The Manhunt for John Wilkes Booth

After he murdered President Abraham Lincoln on April 14, 1865, John Wilkes Booth was nowhere to be found. Where did he go?

Booth’s meticulous planning for his getaway worked, but only for so long. The most wanted man in the United States, with a $100,000 reward on his head, evaded capture for 12 days. Booth escaped out the back door of Ford’s Theatre. He jumped onto a rented horse he had left there and rode frantically out of Washington. Booth made his way into Maryland, where he met up with David Herold. Where did the two go next? How did investigators learn of their whereabouts? Follow their trail below.

Collecting Evidence: Testimony
Conduct Your Own Investigation

As you look at each testimony, consider:

  • How does this evidence match—or not—with other evidence? Who gave the testimony?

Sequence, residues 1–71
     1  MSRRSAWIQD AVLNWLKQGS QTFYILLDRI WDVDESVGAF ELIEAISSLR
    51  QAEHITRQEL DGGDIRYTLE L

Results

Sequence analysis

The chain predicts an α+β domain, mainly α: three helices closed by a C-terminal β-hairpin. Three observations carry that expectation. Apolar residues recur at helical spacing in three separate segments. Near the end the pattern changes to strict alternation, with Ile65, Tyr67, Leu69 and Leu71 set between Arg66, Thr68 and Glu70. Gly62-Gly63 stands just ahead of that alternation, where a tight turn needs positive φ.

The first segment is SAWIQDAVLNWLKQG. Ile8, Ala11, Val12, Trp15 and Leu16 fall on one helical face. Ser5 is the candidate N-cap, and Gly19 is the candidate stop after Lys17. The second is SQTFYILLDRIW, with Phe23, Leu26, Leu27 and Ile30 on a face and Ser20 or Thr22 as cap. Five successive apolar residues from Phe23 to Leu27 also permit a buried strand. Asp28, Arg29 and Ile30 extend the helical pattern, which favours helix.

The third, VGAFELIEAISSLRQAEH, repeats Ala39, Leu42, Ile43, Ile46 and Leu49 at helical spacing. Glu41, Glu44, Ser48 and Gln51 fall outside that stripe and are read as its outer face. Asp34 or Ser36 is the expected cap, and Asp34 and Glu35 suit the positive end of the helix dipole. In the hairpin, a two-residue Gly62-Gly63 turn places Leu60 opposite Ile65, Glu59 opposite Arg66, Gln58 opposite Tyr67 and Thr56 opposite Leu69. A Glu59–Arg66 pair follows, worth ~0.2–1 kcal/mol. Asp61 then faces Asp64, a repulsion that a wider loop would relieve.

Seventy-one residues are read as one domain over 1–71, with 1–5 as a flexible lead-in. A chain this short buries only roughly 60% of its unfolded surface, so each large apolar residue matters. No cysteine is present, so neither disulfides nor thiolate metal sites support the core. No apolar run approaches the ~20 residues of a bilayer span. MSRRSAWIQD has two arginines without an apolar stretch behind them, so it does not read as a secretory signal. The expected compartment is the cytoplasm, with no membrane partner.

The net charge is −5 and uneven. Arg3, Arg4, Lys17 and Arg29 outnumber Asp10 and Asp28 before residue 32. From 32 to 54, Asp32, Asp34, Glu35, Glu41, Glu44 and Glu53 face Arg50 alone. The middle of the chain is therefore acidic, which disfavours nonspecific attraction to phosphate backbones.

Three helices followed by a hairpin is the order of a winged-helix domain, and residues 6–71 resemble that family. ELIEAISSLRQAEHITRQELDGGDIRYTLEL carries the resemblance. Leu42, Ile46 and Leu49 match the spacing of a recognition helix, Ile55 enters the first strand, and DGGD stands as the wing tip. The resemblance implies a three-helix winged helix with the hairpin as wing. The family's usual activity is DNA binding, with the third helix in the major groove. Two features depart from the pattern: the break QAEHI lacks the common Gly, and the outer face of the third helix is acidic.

• What might the person’s motives be for saying what they did?
  • When did this person give the testimony? Was it soon after the event? Much later? How might that affect what they said?

John Wilkes Booth’s Attempted Escape

Hunt for an Assassin

Follow John Wilkes Booth and David Herold as they tried to escape justice.

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April 15, Midnight

After meeting up at a place known as Soper’s Hill, Booth and Herold stopped at Surratt’s Tavern in present-day Clinton, Maryland, to pick up guns and supplies.

April 15, 4:00 a.m.

Booth and Herold arrived at Dr. Samuel Alexander Mudd’s house in Waldorf, Maryland, where Dr. Mudd set Booth’s broken leg.

April 16 to 20

Booth and Herold hid out in a pine thicket until it was safe to cross the Potomac River toward Virginia—territory even more sympathetic to the Confederacy than was southern Maryland.

April 23, Evening

Booth and Herold stopped by Dr. Richard H. Stuart’s home in hopes to treat Booth’s broken leg further and rest for the night.